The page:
The kidney in congestive heart failure: are natriuresis, sodium, and diuretics really the good, the bad and the ugly?

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European Journal of Heart Failure (2014) 16, doi: /ejhf.35 REVIEW The kidney in congestive heart failure: are natriuresis, sodium, and diuretics really the good, the bad and the ugly? Frederik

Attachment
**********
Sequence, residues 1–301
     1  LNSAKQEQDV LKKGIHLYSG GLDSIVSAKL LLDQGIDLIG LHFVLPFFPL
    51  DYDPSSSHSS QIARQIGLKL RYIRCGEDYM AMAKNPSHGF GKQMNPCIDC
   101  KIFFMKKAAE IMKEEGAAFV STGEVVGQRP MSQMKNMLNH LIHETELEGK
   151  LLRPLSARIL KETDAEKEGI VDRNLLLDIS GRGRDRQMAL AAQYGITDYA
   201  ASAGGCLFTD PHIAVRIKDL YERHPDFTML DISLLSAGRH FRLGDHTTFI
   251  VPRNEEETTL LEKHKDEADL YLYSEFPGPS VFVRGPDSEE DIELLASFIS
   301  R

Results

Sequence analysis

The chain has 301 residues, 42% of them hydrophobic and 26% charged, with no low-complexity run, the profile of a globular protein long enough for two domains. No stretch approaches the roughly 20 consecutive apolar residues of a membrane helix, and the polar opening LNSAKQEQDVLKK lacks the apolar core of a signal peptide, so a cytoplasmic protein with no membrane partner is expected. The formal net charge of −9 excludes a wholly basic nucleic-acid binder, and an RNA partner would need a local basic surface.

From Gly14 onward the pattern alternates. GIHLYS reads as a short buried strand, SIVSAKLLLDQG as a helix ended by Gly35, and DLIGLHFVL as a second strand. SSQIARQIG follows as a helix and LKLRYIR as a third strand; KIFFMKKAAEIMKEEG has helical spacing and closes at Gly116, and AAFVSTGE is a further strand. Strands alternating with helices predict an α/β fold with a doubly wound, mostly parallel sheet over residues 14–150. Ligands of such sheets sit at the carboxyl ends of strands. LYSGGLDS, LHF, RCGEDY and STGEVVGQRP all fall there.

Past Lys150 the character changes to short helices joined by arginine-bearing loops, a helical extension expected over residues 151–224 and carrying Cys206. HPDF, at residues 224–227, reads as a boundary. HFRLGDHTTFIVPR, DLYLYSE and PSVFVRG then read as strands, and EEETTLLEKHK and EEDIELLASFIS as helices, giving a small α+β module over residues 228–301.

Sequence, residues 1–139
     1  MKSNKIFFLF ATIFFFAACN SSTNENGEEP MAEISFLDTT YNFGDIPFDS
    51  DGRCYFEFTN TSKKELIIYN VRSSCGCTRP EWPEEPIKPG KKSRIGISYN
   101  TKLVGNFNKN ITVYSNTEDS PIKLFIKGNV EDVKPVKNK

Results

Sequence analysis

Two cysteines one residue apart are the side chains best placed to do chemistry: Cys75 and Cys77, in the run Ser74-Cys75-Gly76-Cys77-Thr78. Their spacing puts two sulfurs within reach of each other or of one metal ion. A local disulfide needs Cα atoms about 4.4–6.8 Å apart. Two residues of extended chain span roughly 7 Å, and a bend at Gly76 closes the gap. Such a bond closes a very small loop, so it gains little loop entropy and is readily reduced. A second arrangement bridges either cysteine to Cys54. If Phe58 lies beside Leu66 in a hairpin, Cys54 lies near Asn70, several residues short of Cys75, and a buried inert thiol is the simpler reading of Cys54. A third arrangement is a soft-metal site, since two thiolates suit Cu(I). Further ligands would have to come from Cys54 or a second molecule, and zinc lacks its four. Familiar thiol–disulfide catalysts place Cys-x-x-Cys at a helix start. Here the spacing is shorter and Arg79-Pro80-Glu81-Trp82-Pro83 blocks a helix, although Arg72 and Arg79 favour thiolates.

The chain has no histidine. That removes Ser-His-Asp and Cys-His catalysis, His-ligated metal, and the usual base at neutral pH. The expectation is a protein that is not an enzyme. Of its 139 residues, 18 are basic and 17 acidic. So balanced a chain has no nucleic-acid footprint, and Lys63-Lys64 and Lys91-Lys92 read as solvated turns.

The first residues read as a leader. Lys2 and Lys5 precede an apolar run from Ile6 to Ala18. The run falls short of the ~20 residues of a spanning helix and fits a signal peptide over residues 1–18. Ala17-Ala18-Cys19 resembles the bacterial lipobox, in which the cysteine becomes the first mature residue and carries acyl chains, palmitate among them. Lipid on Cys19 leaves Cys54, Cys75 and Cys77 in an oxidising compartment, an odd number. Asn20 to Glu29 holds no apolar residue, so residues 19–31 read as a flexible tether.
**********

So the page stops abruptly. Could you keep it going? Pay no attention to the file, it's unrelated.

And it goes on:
European Journal of Heart Failure (2014) 16, doi: /ejhf.35 REVIEW The kidney in congestive heart failure: are natriuresis, sodium, and diuretics really the good, the bad and the ugly? Frederik H. Verbrugge 1,2, Matthias Dupont 1, Paul Steels 3, Lars Grieten 1,3, Quirine Swennen 3, W.H. Wilson Tang 4, and Wilfried Mullens 1,3 * 1 Department of Cardiology, Ziekenhuis Oost-Limburg, Genk, 3600, Belgium; 2 Doctoral School for Medicine and Life Sciences, Hasselt University, Diepenbeek, Belgium; 3 Biomedical Research Institute, Faculty of Medicine and Life Sciences, Hasselt University, Diepenbeek, Belgium; and 4 Department of Cardiovascular Medicine, Heart and Vascular Institute, Cleveland Clinic, Cleveland, OH, USA Received 16 May 2013; revised 21 June 2013; accepted 9 August 2013; online publish-ahead-of-print 9 December 2013 This review discusses renal sodium handling in heart failure. Increased sodium avidity and tendency to extracellular volume overload, i.e. congestion, are hallmark features of the heart failure syndrome. Particularly in the case of concomitant renal dysfunction, the kidneys often fail to elicit potent natriuresis. Yet, assessment of renal function is generally performed by measuring serum creatinine, which has inherent limitations as a biomarker for the glomerular filtration rate (GFR). Moreover, glomerular filtration only represents part of the nephron s function. Alterations in the fractional reabsorptive rate of sodium are at least equally important in emerging therapy-refractory congestion. Indeed, renal blood flow decreases before the GFR is affected in congestive heart failure. The resulting increased filtration fraction changes Starling forces in peritubular capillaries, which drive sodium reabsorption in the proximal tubules. Congestion further stimulates this process by augmenting renal lymph flow. Consequently, fractional sodium reabsorption in the proximal tubules is significantly increased, limiting sodium delivery to the distal nephron. Orthosympathetic activation probably plays a pivotal role in those deranged intrarenal haemodynamics, which ultimately enhance diuretic resistance, stimulate neurohumoral activation with aldosterone breakthrough, and compromise the counter-regulatory function of natriuretic peptides. Recent evidence even suggests that intrinsic renal derangements might impair natriuresis early on, before clinical congestion or neurohumoral activation are evident. This represents a paradigm shift in heart failure pathophysiology, as it suggests that renal dysfunction although not by conventional GFR measurements is driving disease progression. In this respect, a better understanding of renal sodium handling in congestive heart failure is crucial to achieve more tailored decongestive therapy, while preserving renal function.... Keywords Congestive heart failure Diuretics Kidney Natriuretic peptides Sodium Introduction Sodium is the most abundant cation in the extracellular compartment of the body. Therefore, it makes the largest contribution to overall osmolality of the extracellular fluid; hence, where sodium goes, water follows. As sodium is freely filtered by the glomerulus, mmol reaches the renal tubules each day, i.e. the product of the glomerular filtration rate (GFR; 180 L/day) and sodium plasma concentration ( 142 mmol/l). From an evolutionary point of view, to make terrestrial life possible, the organism consequently had to invest heavily in sodium-preserving strategies. Indeed, the renal tubules normally reabsorb 99% of filtered sodium, while... only a tiny fraction is excreted in the urine. 1 However, this tiny fraction is highly regulated to mimic dietary intake and so preserve extracellular volume homeostasis. Importantly, because of the large amount of sodium recycled through the kidneys, even minute variations in the fractional reabsorptive rate have the potential to change total body sodium and thus extracellular volume. Patients with congestive heart failure (CHF) demonstrate increased sodium avidity and extracellular volume overload, i.e. congestion, and this is their most frequent reason for hospital admission. 2 This review will discuss renal sodium handling in the context of CHF. We will argue why natriuresis should be a major treatment target in CHF, and how it might be used to tailor decongestive therapies with *Corresponding author. Tel: , Fax: , 134 F. H. Verbrugge et al. the goal of preserving renal function. Therefore, contemporary insights into the pathophysiology of CHF will be linked to a review of older but nevertheless important concepts on renal physiology and sodium handling. Glomerular filtration rate vs. natriuresis in congestive heart failure The GFR is a strong predictor of all-cause mortality in ambulatory CHF patients, even outperforming left ventricular ejection fraction (LVEF) in that respect. 3 This should not be surprising, as whole kidney GFR often used synonymously for renal function largely reflects the number of functionally intact glomeruli in this case. As such, whole kidney GFR is a marker of renal reserve. Importantly, whole kidney GFR constitutes the sum of the individual contributions from each functionally intact glomerulus, i.e. single nephron GFR (sngfr). In contrast to the ambulatory setting, factors that influence sngfr, such as altered haemodynamics (both systemic and intrarenal), neurohumoral activation, volume overload, and misdistribution, are more prominent in decompensated CHF. Indeed, depending on contextual factors, decreases in whole kidney GFR are associated with worse, neutral, or even better clinical outcome in decompensated CHF. 4 6 On the other hand, persistent congestion, as a reflection of the inability of the kidneys to preserve sodium homeostasis, has been more consistently associated with higher mortality and more frequent readmissions in CHF. 7 Both impaired GFR and alterations in the fractional reabsorptive rate of sodium essentially a function of the renal tubules are equally important in emerging therapy-refractory congestion. Therefore, focusing on natriuresis and sodium balance in addition to GFR might be a more successful strategy to achieve decongestion while preserving renal function. Renal sodium handling in congestive heart failure The glomerulus and intrarenal haemodynamics As sodium is freely filtered by the glomerulus, whole kidney GFR is an important determinant of natriuresis, depending on the number of functional glomeruli (i.e. the degree of chronic kidney disease) and the sngfr. The latter is determined by the area and permeability characteristics of the glomerular filtration barrier and Starling forces in the glomerular capillary and Bowman s space. 8 In humans, sngfr cannot be measured directly, but a value of nl/min in healthy persons can be estimated by dividing whole kidney GFR by the number of glomeruli. Intrinsic autoregulation mechanisms keep the sngfr within narrow limits. First, renal blood flow (RBF) is kept constant, irrespective of a varying mean arterial blood pressure between 70 and 150 mmhg, by mediating afferent arteriolar resistance. 9 A second mechanism called the tubuloglomerular feedback protects... the glomerulus from hyperfiltration by keeping the chloride load presented to Henle s loop, i.e. the sngfr, constant. 10 Rising chloride concentrations in macula densa cells at the end of the thick ascending limb of Henle s loop (TAL) stimulate paracrine release of adenosine and ATP, triggering vasoconstriction of the afferent arteriole through A1 receptors. 11 On the other hand, because of a feedback mechanism which is called the glomerulotubular balance, increased filtration in the glomerulus is met by increased reabsorption in the proximal renal tubules. 12 This bilateral crosstalk between the glomerulus and the macula densa ensures that in normal homeostasis, the sodium load at the macula densa is kept constant with a stable sngfr. Finally, because of the high filtration coefficient of the glomerular filtration barrier and the rising colloid osmotic pressure alongside glomerular capillaries, the sngfr is relatively well maintained when the RBF drops, by an increase in the filtration fraction (FF), even without neurohumoral interference, until filtration equilibrium is reached (Figure 1). A recent study in contemporary CHF patients shows that the FF is increased at 28%, even in patients treated with an ACE inhibitor, which counteracts efferent arteriolar vasoconstriction and promotes RBF. 13 Nevertheless, a variety of reasons might contribute to impaired GFR in CHF. First, as CHF and chronic kidney diseases share common risk factors, a lower number of functionally active glomeruli might already result in a lower GFR on the whole kidney level. Moreover, especially in decompensated CHF, sngfr is often decreased. According to the laws of haemodynamics, the renal arteriovenous pressure difference, i.e. renal arterial minus venous pressure, and total renal vascular resistance determine RBF and consequently sngfr. Because of the explained autoregulation, only a severe drop in mean arterial blood pressure is expected to influence RBF. However, as aggressive decongestive therapy might result in intravascular underfilling, such drops do occur in the context of CHF, and are indeed associated with decreased GFR. 14,15 Moreover, activation of the sympathetic nervous system in CHF increases vasoconstriction at the level of the glomerular arterioles, leading to a decrease in RBF and GFR. 16 Furthermore, it has now been clearly established that backward failure leading to increased central venous pressure is another cause of kidney dysfunction in CHF, especially when cardiac output is low It was already demonstrated in 1950 that human patients with CHF have renal venous hypertension. 20 Several reports have subsequently confirmed that RBF decreases when renal venous pressure is increased and, indeed, measurements in human patients with advanced CHF have shown that RBF is regularly decreased, yet with an increased FF of up to 60% Finally, neurohumoral activation in CHF contributes to both low RBF and high FF, most obviously through increased systemic and local levels of angiotensin II, which stimulates vasoconstriction and increases renal vascular resistance, predominantly in the efferent arteriole. 25 The proximal tubules The fractional reabsorptive rate of sodium in the renal tubules is another major determinant of natriuresis. Because of the glomerulotubular balance a process largely determined by Starling forces a relatively constant fraction of sodium ( 75%) is Renal sodium handling in congestive heart failure 135 Figure 1 Filtration equilibrium: the physiological maximum of filtration fraction (FF). The value of the single nephron glomerular filtration rate (sngfr) depends on the area and permeability characteristics of the glomerular membrane and Starling forces in the glomerular capillary and Bowman s space favouring (green) and opposing (red) ultrafiltration. In normal circumstances, sngfr is nl/min with the FF being 20 25%. Because of the high renal blood flow (RBF), π GC rises slowly from the proximal to the distal end of the glomerular capillary. Therefore, an ultrafiltration pressure gradient prevails over the entire length of the glomerular capillary. When RBF and thus renal plasma flow (RPF) decreases, the plasma volume that is exposed to the ultrafiltration pressure gradient at any given time per area unit of the capillary wall is smaller. Consequently, this leads to a faster increase of π GC along the course of the glomerular capillary, which results in an increased π GC at the level of the efferent arteriole (EA) and hence a rise in FF. The rise in FF will attenuate the absolute drop in sngfr, even without neurohumoral interference or changing P GC. However, from the point where filtration equilibrium is reached, when the maximum FF is achieved at 60%, a further decrease in RPF causes sngfr to drop linearly as the ultrafiltration pressure gradient can no longer be maintained over the entire length of the glomerular capillary, which results in part of this capillary no longer used for ultrafiltration (wasted capillary). AA, afferent arteriole; Hct, haematocrit; P B, hydrostatic pressure in Bowman s space; P GC, glomerular capillary hydrostatic pressure; π B, colloid osmotic pressure in Bowman s space; π GC, glomerular capillary colloid osmotic pressure. reabsorbed in renal tubules proximally from the macula densa. 26 Different transporters on the luminal membrane of proximal tubular cells mediate sodium uptake (Figure 2A). Subsequently, sodium is pumped out into the renal interstitium by Na + /K + -ATPases on the basolateral membrane. Because the wall of proximal tubules is freely permeable to water, passive movement of water accompanies active reabsorption of sodium to maintain osmotic equilibrium. Peritubular capillaries ultimately take up interstitial sodium in an iso-osmotic process determined by Starling forces. 27 This is of great importance because sodium otherwise leaks back into the tubular lumen. 28 Thus, Starling forces across the peritubular... capillaries, not directly influenced by neurohumoral activation but rather determined by local haemodynamics of the microcirculation, ultimately drive net sodium reabsorption in the proximal tubules. In CHF, important alterations in peritubular Starling forces might occur (Figure 2B). First, increased FF, which might already be present before a substantial decrease in GFR, raises peritubular capillary oncotic pressure. Secondly, in the presence of renal venous hypertension, i.e. congestion, substantial alterations in both the hydrostatic and colloid osmotic pressure of the renal interstitium take place. It was already demonstrated in 1956 by Gottschalk and Mylle that the hydrostatic pressure of the renal interstitium 136 F. H. Verbrugge et al. A B Figure 2 The proximal tubules: passive sodium reabsorption by Starling forces. (A) Different transporters mediate active transport of sodium across the luminal side of proximal tubular cells. However, because the proximal tubules have a very leaky epithelium, back flux to the lumen is easily possible and nett sodium reabsorption is rather determined by passive Starling forces between the peritubular capillaries and renal interstitium, irrespective of neurohumoral interference. (B) In congestive heart failure, because of an increased filtration fraction, π PC is higher, which stimulates sodium and water reabsorption. Moreover, when congestion is present and because the kidney is an encapsulated organ, P IF and P PC will both be increased, whereas π IF will drop because of increased lymph flow, which washes out interstitial proteins. This further facilitates nett sodium and water reabsorption. AA, amino acid; Glu, glucose; P IF, interstitial fluid hydrostatic pressure; P PC, peritubular capillary hydrostatic pressure; π IF, interstitial fluid colloid osmotic pressure; π PC, peritubular capillary colloid osmotic pressure. rises in parallel with the renal venous pressure. 29 However, because the kidney is an encapsulated organ, the hydrostatic pressure is equally elevated inside the lumen of peritubular capillaries. 29 Yet, while increased hydrostatic pressure slightly increases fractional sodium excretion in a state of hydropenia, the opposite is true in the case of volume expansion. 30 This might be explained by an... increased renal lymph flow, washing out interstitial proteins and decreasing colloid osmotic pressure in the renal interstitium when congestion is present. Indeed, lymph flow massively increases, even exceeding urinary flow in the ureter, in a state of renal venous hypertension. 31,32 Moreover, increased peritubular protein concentration is significantly correlated to fractional reabsorption in the proximal tubules in the presence of extracellular volume expansion. 33 Finally, peritubular capillaries, although highly permeable to water, are virtually impermeable to plasma proteins, which explains why intracapillary colloid osmotic pressure remains high. 27 Together, these changes facilitate sodium and water reabsorption by the peritubular capillaries from the renal interstitium surrounding the proximal tubules and diminish back flux into their lumen. As a result, the fractional reabsorption of sodium in the proximal tubules in CHF exceeds its normal value, which is especially important if the absolute amount of sodium delivered is already low because of low sngfr. A low absolute amount of sodium delivered to the distal nephron has important therapeutic implications because it is the place where commonly used loop and thiazidetype diuretics as well as endogenous natriuretic peptides act. The macula densa The distal part of the TAL contains some highly specialized cells that lie in close proximity to the afferent arteriole (Figure 3A). These cells, which form the macula densa and are responsible for the tubuloglomerular feedback if they are presented with an increased chloride load, also respond to reduced chloride delivery by increasing cyclo-oxygenase-2 (COX-2) and nitric oxide synthase I (NOS I) activity, leading to paracrine prostaglandin E 2 (PGE 2 )and nitric oxide (NO) secretion. 11 Both PGE 2 andnoworkinconcert to stimulate renin release by granulosa cells of the afferent arteriole and further activation of the renin angiotensin aldosterone axis. High angiotensin II levels facilitate catecholamine release by the sympathetic nervous system and release of arginine vasopressin by the posterior pituitary gland. As angiotensin II and increased sympathetic nerve activity (through alpha-adrenergic receptors) as well as arginine vasopressin all stimulate apical Na + H + exchangers and basolateral Na + /K + -ATPases in the renal tubules, fractional sodium reabsorption is promoted. In CHF, because of increased fractional sodium reabsorption in the proximal tubules, chloride delivery to the macula densa is reduced, which causes a vicious cycle of worsening congestion and harmful neurohumoral activation that might ultimately drive disease progression (Figure 3B). In addition, loop diuretics used to treat congestion in CHF directly inhibit the Na + /K + /2Cl cotransporter on the luminal side of the TAL as well as in the macula densa. The latter further depletes intracellular chloride levels in the macula densa and will sustain harmful neurohumoral activation. The distal convoluted tubules and collecting ducts The distal convoluted tubules (DCTs) and collecting ducts constitute the most distal part of the nephron and reabsorb only a minor fraction ( 10%) of the total amount of sodium filtered by Renal sodium handling in congestive heart failure 137 A B Figure 3 The macula densa: tubuloglomerular feedback vs. unrestrained neurohumoral activation in congestive heart failure. (A) Normally, the macula densa senses increased chloride delivery because active chloride transport consumes ATP, which is further downgraded to adenosine. Adenosine, which is released from macula densa cells, has a paracrine effect on the afferent arteriole, where it causes vasoconstriction. Through this tubuloglomerular feedback, the nephron is protected against hyperfiltration. (B) In congestive heart failure, chloride delivery to the macula densa is diminished and intracellular chloride levels are low. This stimulates NOS I and COX-2 activation and release of NO and PGE 2. The latter two work in concert to act upon granulosa cells of the afferent arteriole to cause renin release and vasodilation through relaxation of smooth muscle cells. Renin activates angiotensin II, which initiates a vicious cycle of neurohumoral activation and congestion. Notably, furosemide inhibits the Na + /K + /2Cl co-transporter, further exacerbating low intracellular chloride levels in the macula densa and consequently neurohumoral activation. ADP, adenosine diphosphate; AMP, adenosine monophosphate; ATP,